At long last, I am gearing up to begin rebuilding WizFight. As part of my move to rebuild WizFight, I have been rethinking the game’s core gameplay. At the time that I had made the first WizFight, I had set out to create a platformer and I really wanted to make a local multiplayer party game. As such, the gameplay style evolved out of a very narrow scope of goals.
With this new iteration of WizFight, I am going to bring the game into the 3rd dimension and add online play. This move will open up quite a lot of options that I simply didn’t have with the offline-only, side-scrolling 2D version. As such, I have been rethinking the game’s core gameplay.
I am fairly certain that I want to move away from the side-scrolling format. While it is accessible, there are certain limitations that that places on the way that the game is played, which places certain limitations on the way that I can design powers. I want the new version of the game to be more nuanced, more skill-oriented. I want there to be mechanics that will empower players who are good at the game to be even better at the game. Moving the game into 3D space will play into this goal far better than staying in 2D space.
The question is – how do I want the game to play? Do I want it to be a single-screen, 3D, quarter-view game? Do I want it to be a first-person shooter? This I have yet to figure out and I will probably iterate through multiple styles of camera in an effort to find the one that works the best. I already have several ideas for mechanics that would facilitate my goal. I am fairly certain that they lend themselves more to a shooter format, but we’ll see.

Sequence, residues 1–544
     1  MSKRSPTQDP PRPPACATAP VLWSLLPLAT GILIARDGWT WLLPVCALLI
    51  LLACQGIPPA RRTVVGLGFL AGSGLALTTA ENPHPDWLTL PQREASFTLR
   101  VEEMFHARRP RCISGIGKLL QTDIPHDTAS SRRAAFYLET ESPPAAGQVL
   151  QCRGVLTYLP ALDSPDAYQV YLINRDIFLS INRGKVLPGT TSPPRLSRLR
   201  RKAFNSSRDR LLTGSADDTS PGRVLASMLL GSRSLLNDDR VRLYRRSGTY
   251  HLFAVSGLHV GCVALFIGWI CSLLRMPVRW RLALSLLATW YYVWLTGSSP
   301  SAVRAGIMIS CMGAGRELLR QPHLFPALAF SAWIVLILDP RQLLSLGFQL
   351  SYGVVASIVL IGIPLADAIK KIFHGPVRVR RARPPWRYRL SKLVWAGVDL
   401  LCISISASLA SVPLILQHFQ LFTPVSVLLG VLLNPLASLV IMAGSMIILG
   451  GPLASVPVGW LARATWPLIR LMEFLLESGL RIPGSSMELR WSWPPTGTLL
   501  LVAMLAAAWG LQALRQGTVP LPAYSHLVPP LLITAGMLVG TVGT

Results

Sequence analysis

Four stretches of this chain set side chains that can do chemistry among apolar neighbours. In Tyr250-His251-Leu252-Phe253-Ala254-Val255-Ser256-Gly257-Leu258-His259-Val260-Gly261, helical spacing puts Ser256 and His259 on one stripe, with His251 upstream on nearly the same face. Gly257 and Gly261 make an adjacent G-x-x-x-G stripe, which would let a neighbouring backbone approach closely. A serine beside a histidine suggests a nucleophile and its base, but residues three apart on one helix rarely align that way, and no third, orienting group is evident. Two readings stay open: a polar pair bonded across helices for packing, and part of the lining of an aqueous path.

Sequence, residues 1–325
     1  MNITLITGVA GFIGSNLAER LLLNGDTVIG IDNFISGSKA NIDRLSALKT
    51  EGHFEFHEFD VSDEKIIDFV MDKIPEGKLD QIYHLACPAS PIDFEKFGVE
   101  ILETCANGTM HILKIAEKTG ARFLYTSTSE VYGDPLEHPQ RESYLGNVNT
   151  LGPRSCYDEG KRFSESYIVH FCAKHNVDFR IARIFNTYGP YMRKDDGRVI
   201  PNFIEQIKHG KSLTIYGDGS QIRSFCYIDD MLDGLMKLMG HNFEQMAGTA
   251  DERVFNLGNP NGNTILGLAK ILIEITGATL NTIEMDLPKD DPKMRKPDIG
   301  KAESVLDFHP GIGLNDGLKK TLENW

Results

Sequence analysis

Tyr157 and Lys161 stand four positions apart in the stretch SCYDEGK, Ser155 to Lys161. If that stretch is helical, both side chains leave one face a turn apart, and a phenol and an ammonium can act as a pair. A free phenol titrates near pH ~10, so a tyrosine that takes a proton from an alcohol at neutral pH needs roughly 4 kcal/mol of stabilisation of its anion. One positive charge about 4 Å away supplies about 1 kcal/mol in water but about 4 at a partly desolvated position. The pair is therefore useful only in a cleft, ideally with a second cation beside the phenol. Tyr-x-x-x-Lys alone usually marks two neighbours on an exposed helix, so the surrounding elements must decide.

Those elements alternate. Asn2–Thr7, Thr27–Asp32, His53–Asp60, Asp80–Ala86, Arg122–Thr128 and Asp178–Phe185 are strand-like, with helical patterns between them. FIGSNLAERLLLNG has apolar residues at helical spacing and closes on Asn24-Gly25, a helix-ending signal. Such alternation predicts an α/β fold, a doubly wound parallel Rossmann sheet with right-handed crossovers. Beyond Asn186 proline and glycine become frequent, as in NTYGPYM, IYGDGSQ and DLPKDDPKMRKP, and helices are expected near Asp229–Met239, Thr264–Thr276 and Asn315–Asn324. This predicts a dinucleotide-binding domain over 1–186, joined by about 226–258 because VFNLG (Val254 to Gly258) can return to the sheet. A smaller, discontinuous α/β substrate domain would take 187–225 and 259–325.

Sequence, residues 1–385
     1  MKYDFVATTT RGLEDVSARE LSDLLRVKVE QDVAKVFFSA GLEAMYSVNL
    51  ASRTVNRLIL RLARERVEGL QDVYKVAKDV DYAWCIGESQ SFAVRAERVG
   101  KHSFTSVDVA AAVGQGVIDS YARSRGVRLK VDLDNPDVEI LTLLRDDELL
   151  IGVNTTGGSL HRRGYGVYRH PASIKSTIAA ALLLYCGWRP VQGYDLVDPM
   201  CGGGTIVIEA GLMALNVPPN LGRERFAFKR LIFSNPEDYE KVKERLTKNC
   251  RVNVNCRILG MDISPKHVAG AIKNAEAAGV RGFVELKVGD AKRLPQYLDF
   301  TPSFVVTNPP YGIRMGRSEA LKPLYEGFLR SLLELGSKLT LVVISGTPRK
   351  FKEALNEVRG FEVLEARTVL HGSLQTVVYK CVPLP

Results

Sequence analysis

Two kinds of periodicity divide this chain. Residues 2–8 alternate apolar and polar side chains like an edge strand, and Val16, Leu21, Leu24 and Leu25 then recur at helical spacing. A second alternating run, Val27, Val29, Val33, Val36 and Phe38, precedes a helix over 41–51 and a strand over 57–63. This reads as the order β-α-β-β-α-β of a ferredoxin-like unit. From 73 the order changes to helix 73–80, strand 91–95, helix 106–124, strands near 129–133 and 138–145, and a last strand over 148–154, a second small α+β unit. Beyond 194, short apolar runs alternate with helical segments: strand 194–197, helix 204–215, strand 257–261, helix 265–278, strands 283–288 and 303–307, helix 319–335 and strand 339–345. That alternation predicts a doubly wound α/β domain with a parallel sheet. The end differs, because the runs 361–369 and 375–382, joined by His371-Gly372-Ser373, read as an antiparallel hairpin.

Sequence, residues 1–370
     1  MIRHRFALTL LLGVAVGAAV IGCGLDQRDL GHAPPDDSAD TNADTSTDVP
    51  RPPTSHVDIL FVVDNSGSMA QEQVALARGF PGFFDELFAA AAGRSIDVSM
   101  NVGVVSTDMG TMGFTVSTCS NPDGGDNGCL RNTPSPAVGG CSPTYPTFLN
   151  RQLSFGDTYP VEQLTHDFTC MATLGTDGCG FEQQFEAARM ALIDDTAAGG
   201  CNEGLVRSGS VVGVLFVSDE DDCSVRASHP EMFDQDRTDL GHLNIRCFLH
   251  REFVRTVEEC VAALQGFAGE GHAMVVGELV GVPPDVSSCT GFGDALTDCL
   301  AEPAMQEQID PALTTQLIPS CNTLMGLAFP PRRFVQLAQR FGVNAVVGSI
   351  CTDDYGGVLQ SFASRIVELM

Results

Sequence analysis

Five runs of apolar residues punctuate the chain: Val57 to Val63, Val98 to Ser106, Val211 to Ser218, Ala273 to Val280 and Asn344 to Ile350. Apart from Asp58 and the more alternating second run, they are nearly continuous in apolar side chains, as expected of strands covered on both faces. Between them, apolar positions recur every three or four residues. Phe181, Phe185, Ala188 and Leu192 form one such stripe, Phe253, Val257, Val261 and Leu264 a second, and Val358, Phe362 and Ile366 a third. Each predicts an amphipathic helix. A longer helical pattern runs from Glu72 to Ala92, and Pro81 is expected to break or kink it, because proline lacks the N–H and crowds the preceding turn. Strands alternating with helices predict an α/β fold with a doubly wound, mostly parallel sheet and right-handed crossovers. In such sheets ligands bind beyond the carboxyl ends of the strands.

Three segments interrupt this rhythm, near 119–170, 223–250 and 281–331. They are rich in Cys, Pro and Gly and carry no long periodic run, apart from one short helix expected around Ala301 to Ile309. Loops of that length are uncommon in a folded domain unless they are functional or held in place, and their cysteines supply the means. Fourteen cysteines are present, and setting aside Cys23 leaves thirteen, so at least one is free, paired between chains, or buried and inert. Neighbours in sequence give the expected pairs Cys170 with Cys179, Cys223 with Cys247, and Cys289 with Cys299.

As a side-note, moving the game into a first-person shooter format would also solve the issue with Invisi-wizard’s power of invisibility putting the player playing him at a disadvantage.
One thing that live service games have had me increasingly thinking about is progression systems. Designing a system where players don’t necessarily need to unlock everything to compete, but want to unlock everything for the additional options that the unlocks provide can be difficult, but rewarding. It incentivizes continued play and later unlocks may be objectively better at doing certain things, but not necessary to win. Games that are really successful at offering this kind of progression system include Dead by Daylight and Hunt: Showdown.
My ultimate goal for a system like this would be to offer perks that could be equipped to your wizard’s powers to augment the ways that they work. I would likely make it so that each wizard has its own progression track, so that players are always unlocking perks that are relevant to the character(s) that they play.
If this is starting to sound like a completely different game, that’s because it really will be. I’ve had years to think about the game’s format and I fully intend to create something that is completely different. It will take the concept and capitalize on its strengths, rather than attempting to simply rebuild it.
In going with that theme, I do intend to give it a better name at some point. I just haven’t figured out what I want to call it yet.